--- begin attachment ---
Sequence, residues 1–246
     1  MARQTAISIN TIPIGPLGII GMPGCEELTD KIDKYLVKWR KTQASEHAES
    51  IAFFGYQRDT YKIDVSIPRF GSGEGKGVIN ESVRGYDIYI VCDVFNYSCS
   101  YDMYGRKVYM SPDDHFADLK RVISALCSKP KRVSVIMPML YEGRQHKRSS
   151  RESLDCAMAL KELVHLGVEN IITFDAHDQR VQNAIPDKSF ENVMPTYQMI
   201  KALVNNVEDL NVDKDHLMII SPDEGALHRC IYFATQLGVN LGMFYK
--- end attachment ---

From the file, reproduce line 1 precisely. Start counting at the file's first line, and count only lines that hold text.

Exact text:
Sequence, residues 1–246